By Karu F. Daniels
The fourth season of the Netflix’s hit drama ‘The Crown’ took the show into yet another decade, but the creators don’t expect the story to keep going until the ‘Megxit’ of 2020.
Fans of Netflix’s The Crown shouldn’t expect to see any of the current-day drama regarding the British monarchy on the popular series.
Although the most recent season of the landmark historical drama is revisiting the Prince Charles and Princess Diana era, producers have no plans to feature any of the modern-day controversy surrounding Meghan Markle and Prince Harry.
Season six is set to be the final season of The Crown, ending somewhere in the early 2000s. The Crown creator Peter Morgan has specifically said that the young royals’ romance is simply too recent to reflect on with any clarity in the show, so if they were to be covered onscreen, they would have to wait for the show to be revived in another decade or so.
“I just think you get so much more interesting (with time),” he told The Hollywood Reporter. “Meghan and Harry are in the middle of their journey, and I don’t know what their journey is or how it will end. One wishes some happiness, but I’m much more comfortable writing about things that happened at least 20 years ago.”
More than 17 million people in America watched Oprah Winfrey’s exclusive sitdown with the couple formerly known as the Duke and Duchess of Sussex.
The controversial two-hour interview’s bombshells, including Markle’s admission of suicidal thoughts and the revelation of racist acts inside and outside the palace, has rocked the royal dynasty. Seems like perfect fodder for a sudsy streaming series.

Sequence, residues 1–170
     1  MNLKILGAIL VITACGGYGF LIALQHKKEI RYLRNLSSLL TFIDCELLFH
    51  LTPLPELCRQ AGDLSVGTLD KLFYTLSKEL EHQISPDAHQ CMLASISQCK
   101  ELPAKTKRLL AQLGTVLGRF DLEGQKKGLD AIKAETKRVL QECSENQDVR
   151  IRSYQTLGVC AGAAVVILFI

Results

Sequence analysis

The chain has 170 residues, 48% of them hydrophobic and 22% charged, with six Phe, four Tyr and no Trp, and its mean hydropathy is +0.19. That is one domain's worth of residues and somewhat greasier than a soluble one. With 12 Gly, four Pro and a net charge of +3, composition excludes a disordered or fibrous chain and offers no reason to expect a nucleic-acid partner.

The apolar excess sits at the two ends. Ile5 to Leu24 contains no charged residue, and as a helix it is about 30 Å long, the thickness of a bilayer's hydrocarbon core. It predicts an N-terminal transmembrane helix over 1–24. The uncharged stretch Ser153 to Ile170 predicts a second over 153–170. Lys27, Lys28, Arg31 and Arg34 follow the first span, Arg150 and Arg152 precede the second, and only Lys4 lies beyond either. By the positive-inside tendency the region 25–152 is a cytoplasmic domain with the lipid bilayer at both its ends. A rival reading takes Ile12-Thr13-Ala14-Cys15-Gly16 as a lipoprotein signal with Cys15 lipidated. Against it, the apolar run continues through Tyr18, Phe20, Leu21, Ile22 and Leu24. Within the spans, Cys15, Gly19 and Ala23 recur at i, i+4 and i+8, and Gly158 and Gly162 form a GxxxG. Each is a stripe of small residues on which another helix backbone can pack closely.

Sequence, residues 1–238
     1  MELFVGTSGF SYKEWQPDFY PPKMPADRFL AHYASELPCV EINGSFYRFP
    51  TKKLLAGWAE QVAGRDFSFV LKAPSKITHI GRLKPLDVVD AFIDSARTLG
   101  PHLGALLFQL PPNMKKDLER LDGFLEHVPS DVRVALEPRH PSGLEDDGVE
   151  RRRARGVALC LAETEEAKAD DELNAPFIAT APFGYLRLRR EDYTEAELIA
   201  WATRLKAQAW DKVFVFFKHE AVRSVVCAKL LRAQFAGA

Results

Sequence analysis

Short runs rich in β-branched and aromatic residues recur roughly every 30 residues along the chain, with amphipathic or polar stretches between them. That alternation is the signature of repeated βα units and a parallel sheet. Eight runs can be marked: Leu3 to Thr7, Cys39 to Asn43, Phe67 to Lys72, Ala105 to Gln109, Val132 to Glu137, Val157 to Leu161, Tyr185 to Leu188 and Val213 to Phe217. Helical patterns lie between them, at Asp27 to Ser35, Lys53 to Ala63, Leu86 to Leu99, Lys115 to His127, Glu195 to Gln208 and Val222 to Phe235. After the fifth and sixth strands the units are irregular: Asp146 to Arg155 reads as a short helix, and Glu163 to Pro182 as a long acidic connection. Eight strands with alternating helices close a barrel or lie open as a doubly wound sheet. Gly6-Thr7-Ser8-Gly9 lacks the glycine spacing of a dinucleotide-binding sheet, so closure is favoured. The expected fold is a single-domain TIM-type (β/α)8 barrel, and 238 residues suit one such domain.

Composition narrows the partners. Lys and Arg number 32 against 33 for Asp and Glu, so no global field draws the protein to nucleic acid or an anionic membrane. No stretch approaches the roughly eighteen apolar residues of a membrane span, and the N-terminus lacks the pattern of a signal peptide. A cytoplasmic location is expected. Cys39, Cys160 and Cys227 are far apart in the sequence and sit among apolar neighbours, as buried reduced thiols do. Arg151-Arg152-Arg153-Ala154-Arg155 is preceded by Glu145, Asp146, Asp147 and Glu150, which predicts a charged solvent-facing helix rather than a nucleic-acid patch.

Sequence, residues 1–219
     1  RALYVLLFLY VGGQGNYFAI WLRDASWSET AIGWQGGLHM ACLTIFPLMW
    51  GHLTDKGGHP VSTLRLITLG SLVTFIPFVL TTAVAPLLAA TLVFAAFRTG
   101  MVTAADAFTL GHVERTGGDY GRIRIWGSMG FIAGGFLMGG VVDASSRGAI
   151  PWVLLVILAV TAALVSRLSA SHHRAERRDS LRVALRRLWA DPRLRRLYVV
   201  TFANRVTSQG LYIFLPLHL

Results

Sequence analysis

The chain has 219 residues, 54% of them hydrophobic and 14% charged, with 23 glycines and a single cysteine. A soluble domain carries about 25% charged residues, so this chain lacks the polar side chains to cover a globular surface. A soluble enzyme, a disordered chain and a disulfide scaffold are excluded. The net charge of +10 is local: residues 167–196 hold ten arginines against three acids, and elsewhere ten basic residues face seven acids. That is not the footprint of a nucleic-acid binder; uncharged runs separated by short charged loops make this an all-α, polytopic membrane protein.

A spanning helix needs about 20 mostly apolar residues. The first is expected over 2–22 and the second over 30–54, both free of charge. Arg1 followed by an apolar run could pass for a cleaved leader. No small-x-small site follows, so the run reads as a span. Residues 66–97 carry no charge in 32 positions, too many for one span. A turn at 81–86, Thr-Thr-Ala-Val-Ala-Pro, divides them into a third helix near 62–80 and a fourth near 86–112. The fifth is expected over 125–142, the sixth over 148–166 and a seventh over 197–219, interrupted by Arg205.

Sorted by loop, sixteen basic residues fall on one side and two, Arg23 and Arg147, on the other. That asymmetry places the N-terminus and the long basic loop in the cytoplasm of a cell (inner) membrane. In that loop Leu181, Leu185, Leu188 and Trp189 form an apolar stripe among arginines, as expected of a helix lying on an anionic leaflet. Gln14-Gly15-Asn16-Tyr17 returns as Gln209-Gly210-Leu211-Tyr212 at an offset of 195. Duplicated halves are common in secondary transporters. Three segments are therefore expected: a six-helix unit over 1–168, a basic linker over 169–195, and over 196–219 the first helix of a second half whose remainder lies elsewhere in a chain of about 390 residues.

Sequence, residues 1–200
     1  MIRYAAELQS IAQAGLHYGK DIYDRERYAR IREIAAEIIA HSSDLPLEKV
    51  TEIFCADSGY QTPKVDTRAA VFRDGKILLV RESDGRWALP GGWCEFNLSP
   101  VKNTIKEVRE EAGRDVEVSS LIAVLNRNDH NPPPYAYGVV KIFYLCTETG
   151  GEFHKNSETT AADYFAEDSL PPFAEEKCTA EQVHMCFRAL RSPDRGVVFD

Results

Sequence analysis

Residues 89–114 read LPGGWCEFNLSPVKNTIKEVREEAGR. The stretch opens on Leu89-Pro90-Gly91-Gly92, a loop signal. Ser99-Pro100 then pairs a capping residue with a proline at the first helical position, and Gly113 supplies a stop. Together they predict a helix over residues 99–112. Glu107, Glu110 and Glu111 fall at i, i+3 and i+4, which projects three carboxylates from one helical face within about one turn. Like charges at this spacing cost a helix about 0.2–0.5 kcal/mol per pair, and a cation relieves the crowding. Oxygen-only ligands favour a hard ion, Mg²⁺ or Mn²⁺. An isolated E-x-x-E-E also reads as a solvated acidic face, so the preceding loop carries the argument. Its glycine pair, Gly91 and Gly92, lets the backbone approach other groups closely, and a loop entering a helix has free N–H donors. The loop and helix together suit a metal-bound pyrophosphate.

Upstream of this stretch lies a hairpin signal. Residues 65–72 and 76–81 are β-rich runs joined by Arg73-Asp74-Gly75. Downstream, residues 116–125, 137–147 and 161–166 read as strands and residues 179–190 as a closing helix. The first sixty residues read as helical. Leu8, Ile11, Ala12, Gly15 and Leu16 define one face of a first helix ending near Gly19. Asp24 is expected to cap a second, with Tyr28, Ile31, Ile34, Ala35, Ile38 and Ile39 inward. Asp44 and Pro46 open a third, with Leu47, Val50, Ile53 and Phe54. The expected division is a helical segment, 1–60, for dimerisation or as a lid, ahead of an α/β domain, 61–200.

But according to Morgan, the timing to feature the embattled Duke and Duchess doesn’t quite fit into the current scope of The Crown. He feels the same way about the scandal surrounding Prince Andrew and his relationship with convicted sex offender Jeffrey Epstein.
“That is enough time and enough distance to really understand something, to understand its role, to understand its position, to understand its relevance,” the show-runner explained. “Often things that appear absolutely wildly important today are instantly forgotten, and other things have a habit of sticking around and proving to be historically very relevant and long-lasting.”
“I don’t know where in the scheme of things Prince Andrew or indeed Meghan Markle or Harry will ever appear,” Morgan continued. “We won’t know, and you need time to stop something from being journalistic. And so I don’t want to write about them because to write about them would instantly make it journalistic, and there are plenty of journalists already writing about them.” In his head, he said he had “a 20-year rule.”
“You need to also allow for the opportunity for metaphor,” Morgan continued. “Once something has a metaphorical possibility, it can then become interesting. It’s quite possible, for example, to tell the story of Harry and Meghan through analogy and metaphor, if that’s what you want to do. Because there’ve been so many examples in the past, whether it’s Wallis Simpson or Edward VII, or whether it’s Diana and Prince Charles. There have been plenty of opportunities in the past where there have been marital complications. There’ve been wives that have been married into the Royal family that have felt unwelcome and that they don’t fit in. So there are plenty of stories to tell without telling the story of Harry and Meghan.” The final two seasons of The Crown are expected to cover the royals up to the early aughts. Season four started in 1979 and ended around 1990. There are two more seasons to go before the series concludes.
— Copyright dpa